Theresa May’s customs partnership would cost Britain £60million a week

But the flawed plan would mean the money would be sent without knowing what refund Britain would get back if imported goods stayed in the UK rather than being sold in Europe.

In 2017 the UK contributed £3.2 billion of customs revenues to the EU charged on goods that arrived from other countries.

Under Mrs May’s complex plan the UK “would mirror” Brussels tariff rates on those goods after Brexit and then businesses would claim a refund if they were only sold in Britain.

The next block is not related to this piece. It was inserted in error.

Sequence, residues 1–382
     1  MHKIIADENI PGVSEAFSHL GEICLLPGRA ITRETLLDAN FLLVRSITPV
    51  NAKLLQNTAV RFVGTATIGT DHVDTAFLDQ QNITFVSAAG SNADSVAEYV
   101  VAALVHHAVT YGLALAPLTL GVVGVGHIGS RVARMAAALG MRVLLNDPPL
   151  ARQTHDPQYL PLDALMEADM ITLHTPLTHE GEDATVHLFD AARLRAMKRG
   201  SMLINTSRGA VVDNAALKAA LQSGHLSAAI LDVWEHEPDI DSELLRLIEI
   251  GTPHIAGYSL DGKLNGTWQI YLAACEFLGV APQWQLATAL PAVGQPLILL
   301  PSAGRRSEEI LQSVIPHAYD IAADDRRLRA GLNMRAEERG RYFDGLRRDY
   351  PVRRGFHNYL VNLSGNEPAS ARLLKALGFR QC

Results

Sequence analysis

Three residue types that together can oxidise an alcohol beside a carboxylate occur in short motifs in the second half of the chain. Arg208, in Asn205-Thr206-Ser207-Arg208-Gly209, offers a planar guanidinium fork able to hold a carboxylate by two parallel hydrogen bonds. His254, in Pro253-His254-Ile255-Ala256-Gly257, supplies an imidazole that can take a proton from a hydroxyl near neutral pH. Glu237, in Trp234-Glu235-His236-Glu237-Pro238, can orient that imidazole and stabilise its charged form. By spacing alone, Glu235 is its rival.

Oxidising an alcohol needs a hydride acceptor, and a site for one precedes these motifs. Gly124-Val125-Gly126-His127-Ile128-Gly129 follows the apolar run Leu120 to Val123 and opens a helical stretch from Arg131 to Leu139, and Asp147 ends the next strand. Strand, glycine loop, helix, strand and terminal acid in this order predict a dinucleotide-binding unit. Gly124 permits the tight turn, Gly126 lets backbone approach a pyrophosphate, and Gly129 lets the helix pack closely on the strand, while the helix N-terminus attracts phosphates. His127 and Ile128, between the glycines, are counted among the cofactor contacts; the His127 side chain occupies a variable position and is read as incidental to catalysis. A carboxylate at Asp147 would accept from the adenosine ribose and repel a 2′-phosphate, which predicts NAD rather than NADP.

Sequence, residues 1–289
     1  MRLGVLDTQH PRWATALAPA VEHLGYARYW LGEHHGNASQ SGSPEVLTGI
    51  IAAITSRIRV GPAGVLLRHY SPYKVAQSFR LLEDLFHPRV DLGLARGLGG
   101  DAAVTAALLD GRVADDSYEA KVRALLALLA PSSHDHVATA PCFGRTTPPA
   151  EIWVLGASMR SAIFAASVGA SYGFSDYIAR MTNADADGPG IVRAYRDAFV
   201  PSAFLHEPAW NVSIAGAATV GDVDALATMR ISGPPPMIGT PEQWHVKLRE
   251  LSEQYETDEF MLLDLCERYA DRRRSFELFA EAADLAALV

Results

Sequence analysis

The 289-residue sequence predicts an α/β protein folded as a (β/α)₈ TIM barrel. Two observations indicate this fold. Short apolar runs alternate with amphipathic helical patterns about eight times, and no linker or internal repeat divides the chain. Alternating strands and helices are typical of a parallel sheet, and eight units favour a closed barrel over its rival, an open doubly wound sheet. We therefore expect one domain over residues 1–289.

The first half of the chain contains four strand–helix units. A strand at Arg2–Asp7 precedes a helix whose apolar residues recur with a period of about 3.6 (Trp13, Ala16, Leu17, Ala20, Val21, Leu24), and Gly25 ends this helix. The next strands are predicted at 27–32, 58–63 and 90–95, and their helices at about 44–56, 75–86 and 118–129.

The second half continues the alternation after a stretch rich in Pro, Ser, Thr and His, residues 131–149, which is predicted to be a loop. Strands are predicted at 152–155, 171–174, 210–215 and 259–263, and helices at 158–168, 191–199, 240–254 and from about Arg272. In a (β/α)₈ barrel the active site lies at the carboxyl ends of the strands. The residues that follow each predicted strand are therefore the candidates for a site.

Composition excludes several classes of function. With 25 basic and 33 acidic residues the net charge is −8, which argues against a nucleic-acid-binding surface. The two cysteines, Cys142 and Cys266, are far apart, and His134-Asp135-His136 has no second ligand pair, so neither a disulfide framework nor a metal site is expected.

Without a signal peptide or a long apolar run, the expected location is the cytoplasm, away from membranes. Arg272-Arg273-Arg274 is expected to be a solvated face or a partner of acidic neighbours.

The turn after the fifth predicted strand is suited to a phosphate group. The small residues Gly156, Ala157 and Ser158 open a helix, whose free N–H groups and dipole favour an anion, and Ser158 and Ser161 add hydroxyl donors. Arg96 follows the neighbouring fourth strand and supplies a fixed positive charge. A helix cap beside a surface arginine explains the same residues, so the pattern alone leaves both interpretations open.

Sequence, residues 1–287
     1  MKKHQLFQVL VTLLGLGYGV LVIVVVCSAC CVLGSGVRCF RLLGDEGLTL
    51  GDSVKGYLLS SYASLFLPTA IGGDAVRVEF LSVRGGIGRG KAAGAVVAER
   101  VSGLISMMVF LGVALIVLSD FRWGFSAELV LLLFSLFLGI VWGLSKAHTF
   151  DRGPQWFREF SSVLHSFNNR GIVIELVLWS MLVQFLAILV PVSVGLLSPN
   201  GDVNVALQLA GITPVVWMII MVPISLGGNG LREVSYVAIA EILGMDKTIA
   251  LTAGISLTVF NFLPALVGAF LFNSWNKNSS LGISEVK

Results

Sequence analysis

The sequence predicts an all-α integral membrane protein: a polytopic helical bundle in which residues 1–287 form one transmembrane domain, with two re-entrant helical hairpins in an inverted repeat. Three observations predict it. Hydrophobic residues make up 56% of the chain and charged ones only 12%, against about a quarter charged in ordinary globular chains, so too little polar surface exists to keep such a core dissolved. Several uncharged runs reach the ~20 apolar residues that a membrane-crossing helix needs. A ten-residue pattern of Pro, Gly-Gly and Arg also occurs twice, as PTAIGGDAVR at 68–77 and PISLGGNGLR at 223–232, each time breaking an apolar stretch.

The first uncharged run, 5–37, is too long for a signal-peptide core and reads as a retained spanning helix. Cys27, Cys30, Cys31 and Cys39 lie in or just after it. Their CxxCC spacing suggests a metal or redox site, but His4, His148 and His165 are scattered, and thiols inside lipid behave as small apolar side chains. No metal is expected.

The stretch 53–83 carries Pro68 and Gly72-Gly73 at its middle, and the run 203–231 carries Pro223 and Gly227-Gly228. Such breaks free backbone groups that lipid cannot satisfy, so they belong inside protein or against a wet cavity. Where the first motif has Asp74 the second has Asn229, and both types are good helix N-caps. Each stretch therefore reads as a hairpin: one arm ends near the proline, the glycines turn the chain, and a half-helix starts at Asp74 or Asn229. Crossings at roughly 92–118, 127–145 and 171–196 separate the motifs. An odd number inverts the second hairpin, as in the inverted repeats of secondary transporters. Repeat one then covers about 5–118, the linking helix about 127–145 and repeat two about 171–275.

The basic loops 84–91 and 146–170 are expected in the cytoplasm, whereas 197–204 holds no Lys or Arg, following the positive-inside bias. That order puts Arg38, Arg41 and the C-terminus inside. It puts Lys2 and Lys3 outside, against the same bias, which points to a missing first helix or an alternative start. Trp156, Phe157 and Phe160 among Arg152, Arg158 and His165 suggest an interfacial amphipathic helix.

Last night the respected Open Europe think tank branded it “bad politics, bad policy and a bad plan.”

Boss Henry Newman said Theresa May must be “clear that it would likely mean the UK continuing to pay a substantial proportion of any customs revenues collected at our borders to the EU.”

He added: “Customs Partnership could entail the UK paying very large sums of money to the EU in the long-term – something the Government has so-far ruled out.”

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